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Scoping workshop – setting the stage for impact evaluation

Posted by Ann Turinayo Thursday, November 28, 2013

By Line Kaspersen

It is common practice to have stakeholder workshops when projects close; to validate project completion report findings and communicate them to stakeholders. In Uganda we are trying something new; as part of the increased corporate focus on impact evaluations, a team of 4 statisticians have come to support the Community Agricultural Infrastructure Improvement Programme (CAIIP-1) Project Facilitation Team (PFT) to ensure high quality on the other hand. On the other hand, IFAD will be able to develop technical concept notes on how best to analyse the impact of infrastructural projects. For CAIIP-1 we will produce a vigorous impact assessment of this successful project!
What is happening is that several different activities are on-going:

A snapshot of how complex the impact evaluation can get.
 
  • A Results Impact Monitoring System (RIMS) study
  • An impact evaluation study 
  •  A Project Completion Report - PCR
  • Updating M&E databases – PFT
Each of the first three activities above is being handled by a different consultancy firm.  Having several firms doing different things at the same time created a challenge: How can we maximise the outcome of this work with so many stakeholders on board?
Bearing in mind that we need to indicate numbers of people pulled out of poverty, working with statisticians gives us a great opportunity to report confidently on this. In Uganda, we have linked the IFAD statisticians to the three different firms doing the RIMS, PCR and impact evaluation studies through the PFT.
In a one day stakeholder workshop, the PFT and the three firms came together to discuss how to: 
  • Harmonize the objectives and TORs of each consultancy firm (could one firm focus on community questionnaires and one on households?)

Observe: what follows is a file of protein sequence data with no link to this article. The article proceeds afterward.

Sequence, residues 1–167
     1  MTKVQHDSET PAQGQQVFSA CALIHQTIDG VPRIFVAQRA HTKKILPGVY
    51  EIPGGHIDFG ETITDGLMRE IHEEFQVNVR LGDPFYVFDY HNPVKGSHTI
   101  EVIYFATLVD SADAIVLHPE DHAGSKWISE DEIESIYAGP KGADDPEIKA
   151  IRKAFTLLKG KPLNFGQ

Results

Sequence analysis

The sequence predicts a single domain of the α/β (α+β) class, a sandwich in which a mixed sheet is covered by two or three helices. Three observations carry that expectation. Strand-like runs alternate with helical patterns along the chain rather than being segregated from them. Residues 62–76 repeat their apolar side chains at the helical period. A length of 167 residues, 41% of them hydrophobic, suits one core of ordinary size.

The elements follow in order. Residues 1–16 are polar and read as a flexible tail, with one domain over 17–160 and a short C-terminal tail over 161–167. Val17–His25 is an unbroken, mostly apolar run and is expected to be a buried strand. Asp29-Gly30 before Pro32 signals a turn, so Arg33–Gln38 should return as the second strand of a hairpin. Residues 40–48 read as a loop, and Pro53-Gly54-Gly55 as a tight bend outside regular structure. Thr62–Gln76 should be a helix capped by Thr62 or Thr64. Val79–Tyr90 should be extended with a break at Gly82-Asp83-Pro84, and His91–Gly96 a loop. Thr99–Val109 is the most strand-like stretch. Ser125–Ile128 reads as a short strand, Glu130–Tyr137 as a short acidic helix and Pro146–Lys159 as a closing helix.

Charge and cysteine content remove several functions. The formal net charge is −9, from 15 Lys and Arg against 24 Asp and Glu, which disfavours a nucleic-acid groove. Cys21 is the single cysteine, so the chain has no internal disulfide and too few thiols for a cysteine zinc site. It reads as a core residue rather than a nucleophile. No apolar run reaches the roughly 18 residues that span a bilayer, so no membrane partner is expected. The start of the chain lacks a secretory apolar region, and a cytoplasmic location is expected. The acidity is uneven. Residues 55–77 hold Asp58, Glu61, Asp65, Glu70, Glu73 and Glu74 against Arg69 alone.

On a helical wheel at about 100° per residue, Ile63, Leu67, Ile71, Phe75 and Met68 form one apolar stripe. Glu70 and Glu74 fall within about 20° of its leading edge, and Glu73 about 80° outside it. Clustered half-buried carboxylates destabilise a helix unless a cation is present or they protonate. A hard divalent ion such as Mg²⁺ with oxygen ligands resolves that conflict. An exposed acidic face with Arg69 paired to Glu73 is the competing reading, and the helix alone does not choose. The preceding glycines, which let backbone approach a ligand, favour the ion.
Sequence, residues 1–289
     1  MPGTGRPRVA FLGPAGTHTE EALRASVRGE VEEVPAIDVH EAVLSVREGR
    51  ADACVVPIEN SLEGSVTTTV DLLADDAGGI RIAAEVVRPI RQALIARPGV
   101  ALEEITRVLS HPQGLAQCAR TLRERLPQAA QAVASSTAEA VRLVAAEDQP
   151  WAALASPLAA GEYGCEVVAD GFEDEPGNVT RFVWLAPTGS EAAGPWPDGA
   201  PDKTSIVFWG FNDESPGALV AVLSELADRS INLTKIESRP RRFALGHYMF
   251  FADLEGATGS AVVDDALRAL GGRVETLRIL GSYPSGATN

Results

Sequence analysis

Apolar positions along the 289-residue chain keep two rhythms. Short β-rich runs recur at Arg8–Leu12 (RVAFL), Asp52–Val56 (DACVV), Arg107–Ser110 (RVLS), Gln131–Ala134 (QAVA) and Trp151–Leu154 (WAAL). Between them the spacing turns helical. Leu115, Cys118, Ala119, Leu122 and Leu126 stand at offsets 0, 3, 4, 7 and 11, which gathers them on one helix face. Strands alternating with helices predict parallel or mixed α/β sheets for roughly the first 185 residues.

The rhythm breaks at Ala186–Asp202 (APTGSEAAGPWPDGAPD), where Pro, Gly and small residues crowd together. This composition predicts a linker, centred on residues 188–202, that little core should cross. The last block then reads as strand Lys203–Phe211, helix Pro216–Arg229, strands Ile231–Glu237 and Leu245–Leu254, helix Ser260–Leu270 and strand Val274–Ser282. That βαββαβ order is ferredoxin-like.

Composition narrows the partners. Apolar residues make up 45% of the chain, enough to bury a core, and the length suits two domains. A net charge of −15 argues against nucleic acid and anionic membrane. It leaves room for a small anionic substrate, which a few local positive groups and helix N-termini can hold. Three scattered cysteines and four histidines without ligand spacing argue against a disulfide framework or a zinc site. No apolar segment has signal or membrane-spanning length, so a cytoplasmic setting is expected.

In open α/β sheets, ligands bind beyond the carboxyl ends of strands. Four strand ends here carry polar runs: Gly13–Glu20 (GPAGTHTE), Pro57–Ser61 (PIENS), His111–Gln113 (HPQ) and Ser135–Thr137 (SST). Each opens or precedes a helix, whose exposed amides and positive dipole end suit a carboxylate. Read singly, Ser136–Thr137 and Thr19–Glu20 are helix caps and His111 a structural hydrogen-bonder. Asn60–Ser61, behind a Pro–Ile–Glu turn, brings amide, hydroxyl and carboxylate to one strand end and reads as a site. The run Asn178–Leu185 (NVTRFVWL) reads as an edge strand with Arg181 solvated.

• Develop a common sampling methodology prior to data collection (first we need to discuss which control-groups are valid? What do we do when we don’t have a baseline?)
  • Agree on the theory of change - what exactly we mean by impact? And on who?
  • Review the available documentation and understand it well  
The IFAD statisticians are expected to provide the following support to ensure better quality studies, which can serve as a dependable point of reference in regard to impact.
  • Technical support for data collection – developing questionnaires and training enumerators
  • Bringing in external data-sources and GIS resources
  • Specific cost-benefit analysis expertise
  • Support for coordination of the parties
 

2 comments

  1. This meeting to coordinate impact evaluation efforts up front is a great idea. We have seen the challenge of retrospective evaluation and now are ready to plan ahead for better results and linkages between consultancy firms. I support this idea being applied in LAC region as well.

     
  2. Dear Jesse, thanks for your feedback. It is very key to plan out the whole strategy for impact evaluation, and to work closely with the consultancy firms to make sure that the questions we want answered are answered with good statistical analysis behind it. We will attempt to share as much as possible from our experiences.